Petraeus Installed as U.S. Commander in Iraq Gen. David Petraeus officially takes control of U.S. forces in Iraq at a ceremony in Baghdad. He will oversee a deployment of thousands of additional American troops.
NPR logo

Petraeus Installed as U.S. Commander in Iraq

  • Download
  • <iframe src="" width="100%" height="290" frameborder="0" scrolling="no" title="NPR embedded audio player">
  • Transcript
Petraeus Installed as U.S. Commander in Iraq

Petraeus Installed as U.S. Commander in Iraq

  • Download
  • <iframe src="" width="100%" height="290" frameborder="0" scrolling="no" title="NPR embedded audio player">
  • Transcript


There was a passing of the baton earlier today in Baghdad.

(Soundbite of music)

SIMON: At a ceremony at one of Saddam Hussein's former palaces, General David Petraeus formally took over as commander of U.S. forces in Iraq. Meanwhile, U.S. officials say they've acquired evidence showing that some of the deadliest explosives U.S. forces are facing in Iraq were originally manufactured in Iran.

NPR's Jamie Tarabay joins us from Baghdad. Jamie, thanks for being with us.

JAMIE TARABAY: It's my pleasure.

SIMON: And what did General Petraeus have to say at the handover ceremony?

TARABAY: One word that did come up a lot in his speech was challenging. He said the situation was challenging, that there were substantial challenges ahead. He also stressed the need for Iraqis to share the burden of responsibility. And this is in line with what many U.S. officials have been saying. It's time for the Iraqis to step up, it's time for them to start taking responsibility for the situation.

Petraeus said that the country is doomed to violence and civil strife if they fail. He said it would be hard, but it wasn't hopeless. He called on Iraqis to stand together. But interestingly, about this ceremony, there were many, many military officials from the coalition. We saw English, Romanian, Australian officers there. The Iraqis sent their top generals as well.

The minister of defense was there, the minister of interior was there. But the prime minister did not turn up, and we don't know whether he RSVP-ed and said he couldn't make it or not. We don't know exactly what happened there, but he was not present at the ceremony.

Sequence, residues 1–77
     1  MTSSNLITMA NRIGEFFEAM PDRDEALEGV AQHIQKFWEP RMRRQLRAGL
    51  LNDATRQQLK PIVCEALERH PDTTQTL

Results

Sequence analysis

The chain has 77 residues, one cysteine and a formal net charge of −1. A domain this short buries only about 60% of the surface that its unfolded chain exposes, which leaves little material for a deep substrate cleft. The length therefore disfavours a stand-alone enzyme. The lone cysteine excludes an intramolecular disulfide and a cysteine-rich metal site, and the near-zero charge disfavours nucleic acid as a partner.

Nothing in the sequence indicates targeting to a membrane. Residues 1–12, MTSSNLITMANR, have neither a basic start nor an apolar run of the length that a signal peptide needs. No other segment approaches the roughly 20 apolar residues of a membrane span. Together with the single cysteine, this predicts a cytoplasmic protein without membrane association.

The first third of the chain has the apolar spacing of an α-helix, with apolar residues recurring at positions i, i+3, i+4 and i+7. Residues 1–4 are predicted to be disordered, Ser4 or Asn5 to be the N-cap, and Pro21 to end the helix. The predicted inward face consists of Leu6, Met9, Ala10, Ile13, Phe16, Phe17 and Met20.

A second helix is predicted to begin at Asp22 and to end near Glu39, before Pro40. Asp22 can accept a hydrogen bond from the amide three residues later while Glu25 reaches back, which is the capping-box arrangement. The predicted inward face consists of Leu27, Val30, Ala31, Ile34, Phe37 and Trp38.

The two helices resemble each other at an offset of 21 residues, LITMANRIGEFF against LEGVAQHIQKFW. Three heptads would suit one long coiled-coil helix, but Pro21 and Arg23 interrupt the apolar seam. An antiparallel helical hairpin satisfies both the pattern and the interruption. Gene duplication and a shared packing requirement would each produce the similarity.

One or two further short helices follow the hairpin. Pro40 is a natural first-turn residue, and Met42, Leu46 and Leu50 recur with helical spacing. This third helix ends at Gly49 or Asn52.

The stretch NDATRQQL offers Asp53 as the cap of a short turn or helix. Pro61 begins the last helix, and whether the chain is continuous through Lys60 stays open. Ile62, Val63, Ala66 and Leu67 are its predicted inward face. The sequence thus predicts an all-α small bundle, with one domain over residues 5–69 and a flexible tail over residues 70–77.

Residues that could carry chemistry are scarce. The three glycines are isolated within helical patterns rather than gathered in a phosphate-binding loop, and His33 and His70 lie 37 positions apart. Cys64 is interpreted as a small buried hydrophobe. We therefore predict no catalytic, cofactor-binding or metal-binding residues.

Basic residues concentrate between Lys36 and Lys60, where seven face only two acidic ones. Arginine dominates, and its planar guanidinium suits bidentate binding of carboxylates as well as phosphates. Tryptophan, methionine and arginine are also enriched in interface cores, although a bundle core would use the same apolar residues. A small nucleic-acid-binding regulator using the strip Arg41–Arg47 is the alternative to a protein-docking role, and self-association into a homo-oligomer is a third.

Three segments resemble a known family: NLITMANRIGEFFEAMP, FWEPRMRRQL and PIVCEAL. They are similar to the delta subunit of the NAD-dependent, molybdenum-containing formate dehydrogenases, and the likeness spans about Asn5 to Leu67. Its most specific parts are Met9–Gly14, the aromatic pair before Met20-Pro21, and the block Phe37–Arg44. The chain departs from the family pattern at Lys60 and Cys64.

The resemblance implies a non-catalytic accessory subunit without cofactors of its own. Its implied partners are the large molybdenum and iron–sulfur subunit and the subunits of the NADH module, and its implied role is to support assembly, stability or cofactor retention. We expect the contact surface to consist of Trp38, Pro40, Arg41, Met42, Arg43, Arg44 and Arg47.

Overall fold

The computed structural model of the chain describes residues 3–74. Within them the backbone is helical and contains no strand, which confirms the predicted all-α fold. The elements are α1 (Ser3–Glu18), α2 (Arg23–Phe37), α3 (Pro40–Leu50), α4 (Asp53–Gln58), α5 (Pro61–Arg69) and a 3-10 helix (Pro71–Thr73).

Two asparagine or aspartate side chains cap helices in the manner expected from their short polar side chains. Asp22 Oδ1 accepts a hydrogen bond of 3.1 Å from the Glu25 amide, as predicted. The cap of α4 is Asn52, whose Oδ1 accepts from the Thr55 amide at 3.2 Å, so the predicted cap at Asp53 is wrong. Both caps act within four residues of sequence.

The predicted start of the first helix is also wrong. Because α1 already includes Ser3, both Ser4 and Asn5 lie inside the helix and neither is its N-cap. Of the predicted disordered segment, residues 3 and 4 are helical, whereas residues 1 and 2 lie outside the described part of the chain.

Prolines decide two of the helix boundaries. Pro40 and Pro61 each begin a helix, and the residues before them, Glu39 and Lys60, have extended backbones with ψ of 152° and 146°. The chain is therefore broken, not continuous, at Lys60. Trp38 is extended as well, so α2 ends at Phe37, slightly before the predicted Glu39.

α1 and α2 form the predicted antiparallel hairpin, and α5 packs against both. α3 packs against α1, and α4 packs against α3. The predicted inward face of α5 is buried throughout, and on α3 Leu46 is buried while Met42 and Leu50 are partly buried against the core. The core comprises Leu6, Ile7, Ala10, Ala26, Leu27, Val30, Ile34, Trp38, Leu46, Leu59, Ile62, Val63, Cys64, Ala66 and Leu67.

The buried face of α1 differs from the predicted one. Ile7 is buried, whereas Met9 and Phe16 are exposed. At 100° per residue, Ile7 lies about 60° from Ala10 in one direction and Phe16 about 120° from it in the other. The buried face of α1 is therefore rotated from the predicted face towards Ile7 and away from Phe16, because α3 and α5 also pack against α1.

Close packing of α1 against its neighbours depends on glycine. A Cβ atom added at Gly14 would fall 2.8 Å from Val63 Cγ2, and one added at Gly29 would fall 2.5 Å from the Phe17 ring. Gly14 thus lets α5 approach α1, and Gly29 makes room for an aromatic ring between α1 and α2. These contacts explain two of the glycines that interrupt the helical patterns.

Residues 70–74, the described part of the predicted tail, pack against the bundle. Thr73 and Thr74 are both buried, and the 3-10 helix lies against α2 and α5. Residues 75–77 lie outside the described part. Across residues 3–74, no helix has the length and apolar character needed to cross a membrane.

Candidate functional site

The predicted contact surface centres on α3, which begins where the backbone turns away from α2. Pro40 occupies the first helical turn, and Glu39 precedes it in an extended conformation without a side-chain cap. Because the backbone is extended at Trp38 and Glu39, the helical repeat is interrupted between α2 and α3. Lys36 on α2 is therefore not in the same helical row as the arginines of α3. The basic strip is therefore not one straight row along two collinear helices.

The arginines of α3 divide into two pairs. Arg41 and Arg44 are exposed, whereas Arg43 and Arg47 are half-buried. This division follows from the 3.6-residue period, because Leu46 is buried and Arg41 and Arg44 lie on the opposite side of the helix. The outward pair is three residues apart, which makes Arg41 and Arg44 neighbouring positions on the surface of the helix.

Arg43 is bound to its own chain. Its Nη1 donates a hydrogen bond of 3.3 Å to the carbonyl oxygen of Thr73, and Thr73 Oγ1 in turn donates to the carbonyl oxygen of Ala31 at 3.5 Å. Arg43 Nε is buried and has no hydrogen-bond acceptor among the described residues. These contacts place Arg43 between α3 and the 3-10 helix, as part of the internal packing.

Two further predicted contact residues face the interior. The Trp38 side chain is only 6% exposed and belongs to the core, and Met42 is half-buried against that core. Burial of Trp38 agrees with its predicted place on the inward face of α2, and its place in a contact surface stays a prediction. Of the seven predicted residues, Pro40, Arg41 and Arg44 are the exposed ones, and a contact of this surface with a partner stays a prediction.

SIMON: So it's hard to know - or had a head cold. It's just hard to know if there was significance to it beyond his absence.

SIMON: Let me ask you about General Casey, the outgoing commander, who made some remarks as well, I understand.

TARABAY: He spoke to reporters before the ceremony and he said that he was very proud of the job that he did. But he also said that he wasn't leaving everything here as he would've liked or expected. And he said he was too close to the situation to be able to judge whether he'd made mistakes.

He said his biggest fear was that the Iraqis wouldn't be able to put the past behind them. He said, you know, we were able - we liberated the Iraqis from tyranny but we cannot liberate them from their prejudices. And just to demonstrate that point, not long after the ceremony ended, there was a suicide bombing in central Baghdad and at least four people were killed in that.

SIMON: Jamie, this handover is coming at a time when U.S. Defense Secretary Robert Gates says that there is increasingly strong evidence to his mind of Iranian involvement in Iraq. What can you tell us about these reports about explosive devices manufactured in Iran?

TARABAY: Well, when he spoke to reporters, Secretary Gates said that there were markings on these explosives that were pretty good evidence - were the words that he used - that Iranians were supplying either the weaponry or the technology to insurgents in Iraq. He said there might be serial numbers on fragments of these explosives. But he didn't say how those numbers could be traced back to Iran.

Now, American officials have been saying for weeks that they're putting together evidence to show Iran's role in arming, supplying and funding insurgent groups in Iraq. But they've also repeatedly put off news briefings in which they said they were going to present this evidence.

Jamie, thanks very much. NPR's Jamie Tarabay in Baghdad.

Copyright © 2007 NPR. All rights reserved. Visit our website terms of use and permissions pages at for further information.

NPR transcripts are created on a rush deadline by Verb8tm, Inc., an NPR contractor, and produced using a proprietary transcription process developed with NPR. This text may not be in its final form and may be updated or revised in the future. Accuracy and availability may vary. The authoritative record of NPR’s programming is the audio record.